Look here: “There is no system of measurement that can adequately quantify how much resentment I carried in my heart when I was young and lonely. My sense of personal grievance ate at me like cancer, hollowed me out, left me gaunt and wasted. When I set off for MIT at 18, I weighed 330 pounds. Six years later I was a buck-70. It wasn’t exercise. It was fury. Resentment is a form of starvation. Resentment is the hunger strike of the soul.”

We see it particularly in the second novella, Loaded – a didactic, heavily sexual exploration of America’s “national hard-on for The Gun”. Hill says that he “had that one in my head ever since the massacre of 20 children in Newtown, Connecticut”. The story is incredibly powerful: a young woman’s affair with her jerk-off boss ends in tears and bloodshed for everyone in the mall, including a Muslim mother with her baby strapped to her chest, the carrier conveniently mistaken for a suicide bomb.

The weakest – most deliberately fluffy – novella is Aloft, set mostly on a cloud. A one-sided crush on his fey bandmate, Harriet, makes Aubrey Griffin determined to skydive with her. At the last minute Aubrey tries to back out, but there are technical difficulties with the plane and everyone is forced to jump.

Aubrey lands on a cloud (cold, and a bit like mashed potato) and must confront his sad realisation that he can touch either terra firma or Harriet’s boobs again, but not both. The novella is a palate cleanser and a spot of stylistic showing off, but it’s no great shakes other than as a continuation of the real theme of all the novellas – how to let go.

The brilliant Rain completes the quartet. Boulder, Colorado, suffers a rain of fatal and needle-sharp shards of space-age rocks. Hill has fun with our beliefs and what we need to tell ourselves in order to survive. The histrionic president blames cloud-seeding religious fanatics, while the crazed comet cult next door accepts all comers. We follow Honeysuckle Speck, whose angelic girlfriend Yolanda was one of the first to die, impaled by the celestial spikes.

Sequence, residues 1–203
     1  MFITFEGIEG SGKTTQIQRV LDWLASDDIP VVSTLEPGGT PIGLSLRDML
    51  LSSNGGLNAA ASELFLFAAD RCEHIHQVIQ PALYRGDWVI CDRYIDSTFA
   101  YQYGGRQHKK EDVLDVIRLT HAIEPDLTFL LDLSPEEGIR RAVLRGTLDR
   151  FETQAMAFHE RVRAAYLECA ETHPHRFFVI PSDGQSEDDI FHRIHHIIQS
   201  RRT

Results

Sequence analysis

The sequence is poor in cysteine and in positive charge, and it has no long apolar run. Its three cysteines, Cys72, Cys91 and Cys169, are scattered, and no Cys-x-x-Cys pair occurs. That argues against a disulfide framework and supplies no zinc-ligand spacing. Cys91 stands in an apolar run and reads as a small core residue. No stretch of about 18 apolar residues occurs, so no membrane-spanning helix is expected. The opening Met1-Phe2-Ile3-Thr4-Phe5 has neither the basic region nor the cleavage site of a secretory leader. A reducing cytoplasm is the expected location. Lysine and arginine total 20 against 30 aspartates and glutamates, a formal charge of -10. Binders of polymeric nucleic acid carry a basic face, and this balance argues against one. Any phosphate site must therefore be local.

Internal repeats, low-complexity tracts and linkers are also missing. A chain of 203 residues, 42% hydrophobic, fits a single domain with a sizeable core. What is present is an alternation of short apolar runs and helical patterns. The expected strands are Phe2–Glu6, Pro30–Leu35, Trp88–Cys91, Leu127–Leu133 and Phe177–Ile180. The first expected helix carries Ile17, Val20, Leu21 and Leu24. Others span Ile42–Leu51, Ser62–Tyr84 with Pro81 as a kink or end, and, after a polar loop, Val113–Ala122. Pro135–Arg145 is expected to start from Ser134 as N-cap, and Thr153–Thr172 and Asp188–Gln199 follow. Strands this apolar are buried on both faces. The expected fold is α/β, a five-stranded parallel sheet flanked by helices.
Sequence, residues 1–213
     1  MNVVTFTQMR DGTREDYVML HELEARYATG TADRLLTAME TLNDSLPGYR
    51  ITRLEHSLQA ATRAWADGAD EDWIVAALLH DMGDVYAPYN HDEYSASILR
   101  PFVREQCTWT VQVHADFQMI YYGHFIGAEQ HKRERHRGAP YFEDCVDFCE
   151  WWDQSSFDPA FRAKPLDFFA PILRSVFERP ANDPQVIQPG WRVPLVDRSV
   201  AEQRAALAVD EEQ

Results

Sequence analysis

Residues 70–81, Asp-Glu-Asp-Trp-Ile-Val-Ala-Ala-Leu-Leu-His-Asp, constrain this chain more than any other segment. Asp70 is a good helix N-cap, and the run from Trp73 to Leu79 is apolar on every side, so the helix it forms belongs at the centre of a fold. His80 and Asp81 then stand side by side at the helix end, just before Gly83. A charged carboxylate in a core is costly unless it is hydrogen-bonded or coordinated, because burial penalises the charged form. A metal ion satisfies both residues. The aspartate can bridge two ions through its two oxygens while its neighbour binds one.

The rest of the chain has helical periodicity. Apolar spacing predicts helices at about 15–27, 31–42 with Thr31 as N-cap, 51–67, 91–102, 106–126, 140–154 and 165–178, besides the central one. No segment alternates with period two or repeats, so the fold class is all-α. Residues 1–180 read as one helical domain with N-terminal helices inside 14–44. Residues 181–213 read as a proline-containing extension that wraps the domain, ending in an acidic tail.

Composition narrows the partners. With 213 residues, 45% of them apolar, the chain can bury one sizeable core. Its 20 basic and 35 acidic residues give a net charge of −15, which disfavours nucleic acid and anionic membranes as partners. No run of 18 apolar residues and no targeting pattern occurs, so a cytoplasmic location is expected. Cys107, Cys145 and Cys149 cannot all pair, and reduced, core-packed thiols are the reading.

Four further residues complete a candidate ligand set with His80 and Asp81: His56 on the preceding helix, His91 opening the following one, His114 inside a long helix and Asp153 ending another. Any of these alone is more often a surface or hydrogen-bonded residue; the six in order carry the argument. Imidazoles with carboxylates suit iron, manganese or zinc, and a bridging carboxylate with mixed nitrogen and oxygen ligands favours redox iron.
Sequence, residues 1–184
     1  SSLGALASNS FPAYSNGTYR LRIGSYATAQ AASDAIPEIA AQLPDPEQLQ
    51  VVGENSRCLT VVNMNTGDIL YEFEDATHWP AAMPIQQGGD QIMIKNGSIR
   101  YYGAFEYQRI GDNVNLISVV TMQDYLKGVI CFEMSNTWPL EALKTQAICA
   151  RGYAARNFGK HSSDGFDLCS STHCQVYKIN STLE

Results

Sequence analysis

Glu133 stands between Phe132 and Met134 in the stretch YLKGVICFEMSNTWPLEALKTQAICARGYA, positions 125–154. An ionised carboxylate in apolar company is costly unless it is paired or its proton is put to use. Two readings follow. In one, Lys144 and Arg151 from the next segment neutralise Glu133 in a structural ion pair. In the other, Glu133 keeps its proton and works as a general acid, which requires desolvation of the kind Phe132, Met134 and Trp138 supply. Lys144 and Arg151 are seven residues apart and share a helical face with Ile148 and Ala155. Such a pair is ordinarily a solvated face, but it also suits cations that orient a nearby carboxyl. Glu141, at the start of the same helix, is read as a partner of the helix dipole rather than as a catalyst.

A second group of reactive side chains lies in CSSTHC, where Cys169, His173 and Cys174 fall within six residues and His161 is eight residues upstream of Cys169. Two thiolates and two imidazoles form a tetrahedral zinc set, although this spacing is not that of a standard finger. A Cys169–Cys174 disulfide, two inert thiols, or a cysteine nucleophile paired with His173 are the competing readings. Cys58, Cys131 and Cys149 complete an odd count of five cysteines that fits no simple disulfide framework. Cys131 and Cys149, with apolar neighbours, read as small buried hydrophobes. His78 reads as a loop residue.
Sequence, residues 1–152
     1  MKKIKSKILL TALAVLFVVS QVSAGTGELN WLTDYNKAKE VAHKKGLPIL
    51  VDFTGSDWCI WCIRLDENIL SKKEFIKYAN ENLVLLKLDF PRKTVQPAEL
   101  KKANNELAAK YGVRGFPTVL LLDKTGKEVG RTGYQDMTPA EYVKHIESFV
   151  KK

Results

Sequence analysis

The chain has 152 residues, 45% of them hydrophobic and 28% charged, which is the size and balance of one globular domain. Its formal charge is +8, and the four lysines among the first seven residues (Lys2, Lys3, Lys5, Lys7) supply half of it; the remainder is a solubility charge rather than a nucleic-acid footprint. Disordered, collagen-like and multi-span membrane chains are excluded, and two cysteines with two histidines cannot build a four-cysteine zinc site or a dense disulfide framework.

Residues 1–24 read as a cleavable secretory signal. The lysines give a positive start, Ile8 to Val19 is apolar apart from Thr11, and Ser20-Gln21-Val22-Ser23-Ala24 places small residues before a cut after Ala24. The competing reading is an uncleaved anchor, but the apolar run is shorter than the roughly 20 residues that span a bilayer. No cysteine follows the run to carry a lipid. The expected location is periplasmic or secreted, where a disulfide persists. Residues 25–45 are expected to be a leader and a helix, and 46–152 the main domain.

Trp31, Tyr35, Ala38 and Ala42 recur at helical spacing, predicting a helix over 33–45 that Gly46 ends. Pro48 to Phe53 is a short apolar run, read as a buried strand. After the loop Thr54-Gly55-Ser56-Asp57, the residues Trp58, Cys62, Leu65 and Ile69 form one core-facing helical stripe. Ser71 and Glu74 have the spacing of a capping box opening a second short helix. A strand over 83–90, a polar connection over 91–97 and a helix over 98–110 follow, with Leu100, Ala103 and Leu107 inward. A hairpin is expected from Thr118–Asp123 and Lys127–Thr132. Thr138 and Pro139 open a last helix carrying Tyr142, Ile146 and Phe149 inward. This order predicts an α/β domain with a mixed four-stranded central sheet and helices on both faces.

Honeysuckle must deliver the news to Yolanda’s minister-father, travelling a highway of murderous shards.

Joe Hill – and Capetonians – understand that only hard rain will fall.

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Sex, drugs and rock ‘n’ roll, straight up - Michele Magwood reviews Joe Hagan's account of Rolling Stone founder, Jann Wenner

Published in the Sunday Times

Joe Hagan, author of Sticky Fingers. Photo supplied (©Yeh/Getty Images).

Sticky Fingers: The Life and Times of Jann Wenner and Rolling Stone Magazine
Joe Hagan, Canongate, R330

Jann Wenner is not happy with this biography. Despite persuading Joe Hagan, an investigative journalist, to write it and giving him hundreds of hours of interviews and access to his archives, Wenner has now pronounced the resulting book “deeply flawed and tawdry”.

Which is pretty much how Wenner comes across himself over 500-odd pages. It’s a story of barrelling ambition and excess, of sheer genius and sordid appetites.

The cocky, sybaritic college dropout was just 21 when he dreamed up Rolling Stone. It was San Francisco, 1967, and the only music journals that existed were fanzines and an obscure magazine called Crawdaddy.

Wenner saw an opportunity in the Haight-Ashbury scene: not only did fans want to read more about bands, but record companies needed to be connected to them. With a loan of $7500 from his girlfriend’s wealthy parents, he put out his newspaper.

His first subscriptions came with a roach clip. It took off.

Wenner effectively bottled the ’60s and ’70s, making stars of singers and songwriters and extending the editorial reach to politics, sexual liberation, investigative reportage and drugs, of course.